SEOUL: South Korean archaeologists said yesterday that they had found the world's oldest known domesticated rice, pushing back by thousands of years the recorded origins of Asia's staple food.
Radioactive dating of the 59 burnt grains of rice found in central South Korea has pushed back the date for the earliest known cultivation of the plant to somewhere between 14,000 and 15,000 years ago, they said.
“This discovery challenges the accepted view about where rice originated and how it evolved,” said Professor Lee Yung-Jo of Chungbuk National University in Cheongju.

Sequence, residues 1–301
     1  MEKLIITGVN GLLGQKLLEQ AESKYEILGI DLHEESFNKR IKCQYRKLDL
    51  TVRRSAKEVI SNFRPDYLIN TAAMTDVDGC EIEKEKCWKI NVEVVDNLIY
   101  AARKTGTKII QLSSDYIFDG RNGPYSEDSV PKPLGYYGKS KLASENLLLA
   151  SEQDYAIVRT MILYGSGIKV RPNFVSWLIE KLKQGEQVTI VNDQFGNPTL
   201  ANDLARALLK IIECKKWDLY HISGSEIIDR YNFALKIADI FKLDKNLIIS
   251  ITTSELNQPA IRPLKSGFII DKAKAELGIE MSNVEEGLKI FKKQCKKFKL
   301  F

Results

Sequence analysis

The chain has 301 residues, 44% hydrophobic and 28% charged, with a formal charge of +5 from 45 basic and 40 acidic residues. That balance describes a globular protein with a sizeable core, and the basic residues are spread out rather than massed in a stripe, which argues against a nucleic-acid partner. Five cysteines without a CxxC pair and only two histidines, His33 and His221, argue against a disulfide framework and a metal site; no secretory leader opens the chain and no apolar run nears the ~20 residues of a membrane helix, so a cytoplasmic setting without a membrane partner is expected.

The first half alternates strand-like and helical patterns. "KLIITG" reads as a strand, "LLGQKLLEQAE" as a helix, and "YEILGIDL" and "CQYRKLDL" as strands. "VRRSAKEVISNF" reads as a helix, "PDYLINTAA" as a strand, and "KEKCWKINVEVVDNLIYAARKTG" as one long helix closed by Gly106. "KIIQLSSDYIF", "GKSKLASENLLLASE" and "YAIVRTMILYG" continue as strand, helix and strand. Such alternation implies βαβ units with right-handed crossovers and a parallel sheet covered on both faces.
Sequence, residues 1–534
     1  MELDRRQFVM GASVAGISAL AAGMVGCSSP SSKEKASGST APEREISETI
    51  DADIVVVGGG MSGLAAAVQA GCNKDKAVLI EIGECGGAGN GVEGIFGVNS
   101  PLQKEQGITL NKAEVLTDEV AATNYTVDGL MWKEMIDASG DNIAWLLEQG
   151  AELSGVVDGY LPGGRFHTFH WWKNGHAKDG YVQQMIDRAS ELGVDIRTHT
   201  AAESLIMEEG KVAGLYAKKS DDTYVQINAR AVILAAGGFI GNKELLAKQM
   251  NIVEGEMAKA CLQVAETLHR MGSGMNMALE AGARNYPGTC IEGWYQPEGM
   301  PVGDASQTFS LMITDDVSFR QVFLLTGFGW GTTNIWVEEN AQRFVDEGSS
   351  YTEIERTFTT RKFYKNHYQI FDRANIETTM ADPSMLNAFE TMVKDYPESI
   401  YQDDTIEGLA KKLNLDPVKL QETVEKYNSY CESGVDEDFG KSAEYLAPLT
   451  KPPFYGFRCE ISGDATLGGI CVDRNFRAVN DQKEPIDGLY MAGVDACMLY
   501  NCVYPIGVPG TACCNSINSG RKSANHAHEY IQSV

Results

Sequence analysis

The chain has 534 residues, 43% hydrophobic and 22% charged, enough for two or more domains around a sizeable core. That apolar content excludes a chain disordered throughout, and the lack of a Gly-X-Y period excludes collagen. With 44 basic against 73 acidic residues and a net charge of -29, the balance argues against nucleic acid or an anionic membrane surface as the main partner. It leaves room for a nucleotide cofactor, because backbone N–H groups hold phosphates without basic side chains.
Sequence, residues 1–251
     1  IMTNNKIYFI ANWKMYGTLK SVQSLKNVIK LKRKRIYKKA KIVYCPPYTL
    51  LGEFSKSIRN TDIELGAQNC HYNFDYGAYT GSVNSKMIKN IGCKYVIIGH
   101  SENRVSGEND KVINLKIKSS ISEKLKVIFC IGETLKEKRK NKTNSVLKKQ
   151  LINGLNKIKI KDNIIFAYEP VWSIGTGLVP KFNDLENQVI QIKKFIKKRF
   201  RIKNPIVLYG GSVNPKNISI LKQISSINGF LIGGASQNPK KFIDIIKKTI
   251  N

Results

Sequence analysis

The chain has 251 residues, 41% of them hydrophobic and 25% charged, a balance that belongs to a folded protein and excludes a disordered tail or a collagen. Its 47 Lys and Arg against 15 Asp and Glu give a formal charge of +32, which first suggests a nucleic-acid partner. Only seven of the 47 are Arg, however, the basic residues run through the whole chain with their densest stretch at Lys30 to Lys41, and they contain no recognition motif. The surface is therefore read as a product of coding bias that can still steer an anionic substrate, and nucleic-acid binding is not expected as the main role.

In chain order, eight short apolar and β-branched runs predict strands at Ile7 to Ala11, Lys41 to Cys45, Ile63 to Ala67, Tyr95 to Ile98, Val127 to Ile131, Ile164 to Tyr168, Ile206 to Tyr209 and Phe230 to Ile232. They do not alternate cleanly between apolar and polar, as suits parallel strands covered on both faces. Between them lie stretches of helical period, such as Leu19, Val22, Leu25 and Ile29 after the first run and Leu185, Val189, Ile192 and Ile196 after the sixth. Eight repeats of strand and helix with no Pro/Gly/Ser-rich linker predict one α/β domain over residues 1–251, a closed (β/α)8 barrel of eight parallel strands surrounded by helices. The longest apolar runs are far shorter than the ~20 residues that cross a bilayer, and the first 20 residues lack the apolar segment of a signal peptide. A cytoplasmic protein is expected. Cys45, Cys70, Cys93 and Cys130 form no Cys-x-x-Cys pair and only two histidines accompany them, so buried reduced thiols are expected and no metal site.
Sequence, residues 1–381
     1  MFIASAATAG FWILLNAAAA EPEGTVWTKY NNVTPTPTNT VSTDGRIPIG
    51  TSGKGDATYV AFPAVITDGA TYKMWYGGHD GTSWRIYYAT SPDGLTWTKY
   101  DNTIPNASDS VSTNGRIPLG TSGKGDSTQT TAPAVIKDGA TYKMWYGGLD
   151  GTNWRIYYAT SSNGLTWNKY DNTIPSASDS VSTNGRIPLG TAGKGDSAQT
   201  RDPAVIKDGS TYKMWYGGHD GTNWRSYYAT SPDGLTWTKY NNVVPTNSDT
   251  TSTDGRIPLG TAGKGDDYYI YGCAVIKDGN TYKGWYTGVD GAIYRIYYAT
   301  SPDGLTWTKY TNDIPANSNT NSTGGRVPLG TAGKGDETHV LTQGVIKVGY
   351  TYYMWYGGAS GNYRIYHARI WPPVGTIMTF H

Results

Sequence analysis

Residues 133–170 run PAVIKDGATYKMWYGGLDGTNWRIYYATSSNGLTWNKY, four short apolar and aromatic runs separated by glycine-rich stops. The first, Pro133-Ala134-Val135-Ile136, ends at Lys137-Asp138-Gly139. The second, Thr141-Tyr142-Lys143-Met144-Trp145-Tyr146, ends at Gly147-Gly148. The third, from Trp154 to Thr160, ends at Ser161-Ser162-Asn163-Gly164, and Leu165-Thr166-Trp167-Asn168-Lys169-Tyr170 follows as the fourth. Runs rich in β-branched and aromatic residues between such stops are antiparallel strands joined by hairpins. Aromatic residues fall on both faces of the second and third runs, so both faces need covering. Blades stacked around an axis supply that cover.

Carbonised rice grains, which were found near the Yellow River and Yangtze River in China and were considered to be the world's oldest rice, were dated between 10,500 and 11,000 years ago, he said.
“It suggests that rice may have also evolved in areas which are far north from there,” he said.
The rice grains were found by Lee and his colleague Woo Jong-Yoon of the same university in Sorori in the central province of North Chungcheong, which is located between 36° and 37° of latitude north.
The excavations were made between 1997 and 1998 and again in 2001, Lee said.
The rice was genetically different from modern varieties, which would allow researchers to trace its evolution, he added. – AFP
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